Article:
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Service Employees International Union v. County of Cook

United States District Court, N.D. Illinois, Eastern Division

February 26, 2014




Plaintiffs, Service Employees International Union, Local 73, ("SEIU") on behalf of its adversely affected members, Cheryl Condon ("Condon") and all others similarly situated (collectively, "Plaintiffs") filed the instant action for employment discrimination claiming disparate treatment and disparate impact. Defendants Cook County, County of Cook Health and Hospital Systems and Cermak Heath Services Department (collectively, "Defendants") now move to dismiss plaintiffs' complaint in its entirety. For the following reasons, Defendants' motion is granted.


Plaintiffs are a class of employees over the age of 40 employed by Defendants as Mental Health Specialist Seniors ("MHS Senior") and Mental Health Specialists II ("MHS II"). Plaintiffs allege that, prior to November 2011, their positions did not require a master's degree or state license. On November 21, 2011, Plaintiffs claim they were notified that they would be required to obtain a master's degree and state license as a condition of continued employment. According to Plaintiffs, they were required to apply to an accredited master's degree program by February 15, 2012, enroll in a program by August 1, 2012 and are required to complete a program by June 2015 - on their own time and at their own expense. As a result of the new requirements, Plaintiffs allege Defendants intentionally discriminated against them based on their age in violation of the Age Discrimination in Employment Act ("ADEA").

On May 15, 2012, Condon filed a class action charge of age discrimination with the Equal Employment Opportunity Commission ("EEOC") on behalf of all affected members. (Dkt. #15, Ex. B to Def.'s Mot. to Dismiss.) On January 1, 2013, the EEOC issued a right to sue letter. (Dkt. #1-1, Ex A to Compl.) Plaintiffs filed suit on April 18, 2013.

Defendants assert four grounds for dismissal: 1) the ADEA preempts the class action procedure under Fed.R.Civ.P. 23; 2) Plaintiffs lack standing pursuant to Fed.R.Civ.P. 12(b)(1); 3) Plaintiffs fail to meet the pleading requirements of Fed.R.Civ.P. 8(a) and thus fail to state a claim under Fed.R.Civ.P. 12(b)(6); and 4) defendants County of Cook Health and Hospital Systems and Cermak Heath Services Department are non-suable entities and should be dismissed from the case.

Legal Standard

A motion to dismiss under either Rules 12(b)(1) or 12(b)(6) tests the sufficiency of the complaint. Gilbert v. Illinois State Bd. of Educ., 2008 WL 4390150 (N.D. Ill. Sept. 24, 2008) aff'd, 591 F.3d 896 (7th Cir. 2010). In ruling on a motion to dismiss the district court must accept as true all material allegations of the complaint, drawing all reasonable inferences therefrom in the plaintiff's favor. Retired Chicago Police Assoc. v. City of Chicago, 76 F.3d 856, 862 (7th Cir. 1996). A motion to dismiss is decided solely on the face of the complaint and any attachments that accompanied its filing. Miller v. Herman, 600 F.3d 726, 733 (7th Cir. 2010).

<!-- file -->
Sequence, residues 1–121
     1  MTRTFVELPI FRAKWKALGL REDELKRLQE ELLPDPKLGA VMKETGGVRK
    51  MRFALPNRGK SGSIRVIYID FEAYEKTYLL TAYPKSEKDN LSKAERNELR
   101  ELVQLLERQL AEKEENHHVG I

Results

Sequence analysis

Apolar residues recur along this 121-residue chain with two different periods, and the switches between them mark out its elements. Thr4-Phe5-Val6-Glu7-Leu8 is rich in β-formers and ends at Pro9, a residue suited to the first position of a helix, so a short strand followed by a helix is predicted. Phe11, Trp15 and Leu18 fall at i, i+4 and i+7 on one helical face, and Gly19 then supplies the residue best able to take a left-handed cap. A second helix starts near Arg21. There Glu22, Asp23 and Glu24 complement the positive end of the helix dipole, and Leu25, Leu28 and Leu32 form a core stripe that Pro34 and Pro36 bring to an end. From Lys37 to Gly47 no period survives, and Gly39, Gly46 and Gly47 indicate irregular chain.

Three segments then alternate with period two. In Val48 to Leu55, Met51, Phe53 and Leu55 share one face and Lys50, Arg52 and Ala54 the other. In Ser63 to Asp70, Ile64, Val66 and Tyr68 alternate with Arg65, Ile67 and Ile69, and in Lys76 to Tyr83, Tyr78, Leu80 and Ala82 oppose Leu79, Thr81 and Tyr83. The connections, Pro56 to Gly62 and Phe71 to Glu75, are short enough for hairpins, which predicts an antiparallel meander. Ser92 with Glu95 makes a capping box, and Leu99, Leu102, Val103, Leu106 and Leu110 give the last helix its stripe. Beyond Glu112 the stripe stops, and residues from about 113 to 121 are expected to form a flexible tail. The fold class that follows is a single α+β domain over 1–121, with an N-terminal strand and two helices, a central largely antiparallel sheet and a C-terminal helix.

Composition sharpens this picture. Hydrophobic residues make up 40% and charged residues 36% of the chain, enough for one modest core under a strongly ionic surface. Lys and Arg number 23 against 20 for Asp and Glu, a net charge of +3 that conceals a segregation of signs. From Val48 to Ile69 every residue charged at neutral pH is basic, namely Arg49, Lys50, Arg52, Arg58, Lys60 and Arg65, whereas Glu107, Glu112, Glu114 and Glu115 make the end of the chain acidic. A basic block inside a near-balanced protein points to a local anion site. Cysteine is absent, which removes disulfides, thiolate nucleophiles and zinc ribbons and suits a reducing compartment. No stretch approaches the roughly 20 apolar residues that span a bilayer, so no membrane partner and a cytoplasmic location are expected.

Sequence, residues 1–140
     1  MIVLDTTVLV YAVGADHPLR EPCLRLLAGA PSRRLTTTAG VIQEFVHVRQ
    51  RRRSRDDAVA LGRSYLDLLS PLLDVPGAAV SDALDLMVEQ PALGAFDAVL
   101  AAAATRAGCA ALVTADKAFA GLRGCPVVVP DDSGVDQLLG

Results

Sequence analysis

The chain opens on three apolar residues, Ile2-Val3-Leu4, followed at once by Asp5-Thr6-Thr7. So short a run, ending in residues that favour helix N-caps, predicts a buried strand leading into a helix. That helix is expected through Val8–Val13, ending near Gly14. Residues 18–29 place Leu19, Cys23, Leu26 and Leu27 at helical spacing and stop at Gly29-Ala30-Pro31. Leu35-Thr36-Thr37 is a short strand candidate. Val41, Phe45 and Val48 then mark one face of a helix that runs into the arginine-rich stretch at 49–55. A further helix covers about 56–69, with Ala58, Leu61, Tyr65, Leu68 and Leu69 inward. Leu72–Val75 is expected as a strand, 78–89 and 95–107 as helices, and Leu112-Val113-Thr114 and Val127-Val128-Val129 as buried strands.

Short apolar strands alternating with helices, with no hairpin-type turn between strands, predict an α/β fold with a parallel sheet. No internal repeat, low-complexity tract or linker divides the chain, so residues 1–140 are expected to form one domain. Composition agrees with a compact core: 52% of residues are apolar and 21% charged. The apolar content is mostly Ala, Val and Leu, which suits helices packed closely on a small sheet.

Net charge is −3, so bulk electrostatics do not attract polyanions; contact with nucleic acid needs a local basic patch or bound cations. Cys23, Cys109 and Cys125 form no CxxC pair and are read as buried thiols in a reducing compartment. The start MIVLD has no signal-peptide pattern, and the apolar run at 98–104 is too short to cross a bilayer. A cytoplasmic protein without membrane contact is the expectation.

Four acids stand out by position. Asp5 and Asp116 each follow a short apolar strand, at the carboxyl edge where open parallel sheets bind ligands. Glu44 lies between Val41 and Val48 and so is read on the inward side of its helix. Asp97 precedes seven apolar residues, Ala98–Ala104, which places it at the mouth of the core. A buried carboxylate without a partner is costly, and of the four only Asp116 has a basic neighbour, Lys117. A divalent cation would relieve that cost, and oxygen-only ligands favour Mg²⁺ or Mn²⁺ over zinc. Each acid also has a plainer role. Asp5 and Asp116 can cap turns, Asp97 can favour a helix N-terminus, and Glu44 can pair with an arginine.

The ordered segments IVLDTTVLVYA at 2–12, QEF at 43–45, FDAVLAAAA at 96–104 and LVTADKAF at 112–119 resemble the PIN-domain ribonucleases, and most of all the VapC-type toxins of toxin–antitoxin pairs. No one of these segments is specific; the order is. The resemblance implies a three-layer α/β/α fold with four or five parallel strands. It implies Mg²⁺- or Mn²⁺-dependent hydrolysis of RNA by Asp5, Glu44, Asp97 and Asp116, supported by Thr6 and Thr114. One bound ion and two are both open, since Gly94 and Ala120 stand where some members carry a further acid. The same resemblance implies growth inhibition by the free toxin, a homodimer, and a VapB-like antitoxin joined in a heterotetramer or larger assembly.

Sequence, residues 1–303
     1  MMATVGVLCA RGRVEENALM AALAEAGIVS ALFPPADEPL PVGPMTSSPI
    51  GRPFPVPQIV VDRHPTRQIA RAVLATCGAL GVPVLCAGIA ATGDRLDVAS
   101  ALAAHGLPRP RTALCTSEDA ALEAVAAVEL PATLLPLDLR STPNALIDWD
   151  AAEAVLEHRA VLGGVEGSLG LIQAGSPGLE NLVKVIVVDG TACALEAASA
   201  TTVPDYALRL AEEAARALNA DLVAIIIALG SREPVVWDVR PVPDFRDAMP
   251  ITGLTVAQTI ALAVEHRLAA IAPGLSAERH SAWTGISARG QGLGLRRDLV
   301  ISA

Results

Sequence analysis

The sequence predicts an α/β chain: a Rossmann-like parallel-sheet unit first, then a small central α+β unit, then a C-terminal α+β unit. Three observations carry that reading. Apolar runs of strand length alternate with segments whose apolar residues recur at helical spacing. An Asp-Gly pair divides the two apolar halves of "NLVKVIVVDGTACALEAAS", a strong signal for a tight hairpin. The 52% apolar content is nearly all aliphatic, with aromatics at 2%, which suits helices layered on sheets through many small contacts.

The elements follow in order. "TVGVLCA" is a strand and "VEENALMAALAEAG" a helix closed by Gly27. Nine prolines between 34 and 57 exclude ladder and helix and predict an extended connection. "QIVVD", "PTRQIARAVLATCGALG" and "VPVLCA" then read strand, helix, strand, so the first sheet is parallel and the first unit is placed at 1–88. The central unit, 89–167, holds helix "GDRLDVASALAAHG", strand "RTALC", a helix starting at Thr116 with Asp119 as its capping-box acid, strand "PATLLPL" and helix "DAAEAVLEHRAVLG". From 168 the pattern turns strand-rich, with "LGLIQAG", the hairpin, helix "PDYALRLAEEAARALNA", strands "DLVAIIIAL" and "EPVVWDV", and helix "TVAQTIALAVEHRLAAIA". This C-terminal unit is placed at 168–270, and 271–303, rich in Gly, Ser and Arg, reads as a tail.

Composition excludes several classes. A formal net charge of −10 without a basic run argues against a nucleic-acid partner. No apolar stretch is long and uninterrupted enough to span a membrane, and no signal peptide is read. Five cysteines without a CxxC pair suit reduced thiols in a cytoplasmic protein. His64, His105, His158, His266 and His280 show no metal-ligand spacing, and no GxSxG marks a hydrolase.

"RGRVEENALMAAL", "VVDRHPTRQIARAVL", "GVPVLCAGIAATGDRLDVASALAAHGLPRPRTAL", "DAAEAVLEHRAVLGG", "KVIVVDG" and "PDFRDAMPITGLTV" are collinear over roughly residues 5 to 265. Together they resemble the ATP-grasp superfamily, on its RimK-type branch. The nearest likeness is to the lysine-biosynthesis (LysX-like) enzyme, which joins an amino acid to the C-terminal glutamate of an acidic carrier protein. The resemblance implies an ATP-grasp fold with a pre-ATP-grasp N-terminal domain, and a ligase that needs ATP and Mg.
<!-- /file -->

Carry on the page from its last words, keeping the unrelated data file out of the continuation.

Pursuant to Rule 12(b)(1), a court must dismiss any action for which it lacks subject matter jurisdiction. The party invoking the federal courts' subject matter jurisdiction bears the burden of proving that the jurisdictional requirements have been met. Lee v. City of Chicago, 330 F.3d 456, 468 (7th Cir. 2003) (citing Lujan v. Defenders of Wildlife, 504 U.S. 555, 561 (1992)). To survive a Rule 12(b)(6) motion to dismiss, a complaint must contain sufficient factual allegations to state a claim for relief that is plausible on its face. Ashcroft v. Iqbal, 556 U.S. 662 (2009). This standard is met when the plaintiff pleads factual content that "allows the court to draw the reasonable inference that the defendant is liable for the misconduct alleged." Id.


Defendants argue that a class action under the ADEA cannot proceed under Rule 23. Further, Pursuant to Rule 12(b)(1), Defendants assert a factual challenge to plaintiff SEIU's standing to bring the suit. Plaintiffs concede these arguments and seek leave to file an amended complaint as an opt-in collective action and to withdraw SEIU as class representation.

1. Plaintiff Condon lacks standing to bring suit

Defendants argue plaintiff Condon lacks standing to bring suit. The constitutional minimum of standing requires: 1) an injury-in-fact, meaning "an invasion of a legally protected interest which is (a) concrete and particularized, and (b) actual or imminent, not conjectural or hypothetical;" 2) a causal connection between the injury and the defendant's conduct; and 3) likely redressability through a favorable decision. Wernsing v. Thompson, 423 F.3d 732, 743 (7th Cir. 2005) (quoting Lujan, 504 U.S. at 561-61). The party invoking federal jurisdiction bears the burden of establishing these elements. Lujan, 504 U.S. at 561. At the pleading stage, general factual allegations of injury resulting from the defendant's conduct may suffice. Id. However, abstract injury is not enough to establish injury-in-fact. City of Los Angeles v. Lyons, 461 U.S. 95, 101-02 (1983).

Defendants argue that Condon fails to plead an injury-in-fact giving rise to a case or controversy because she has not been terminated and she fails to allege facts that her termination is imminent. Defendants suggest the only injury Condon alleges to have suffered is further education and state licensure which they argue does not constitute an injury-in-fact under Article III. In response, Condon argues that costs incurred to meet the new educational requirements constitute an injury-in-fact sufficient to confer standing. Further, Plaintiffs state that since filing their complaint, "six employees (and potential class members) have lost ...

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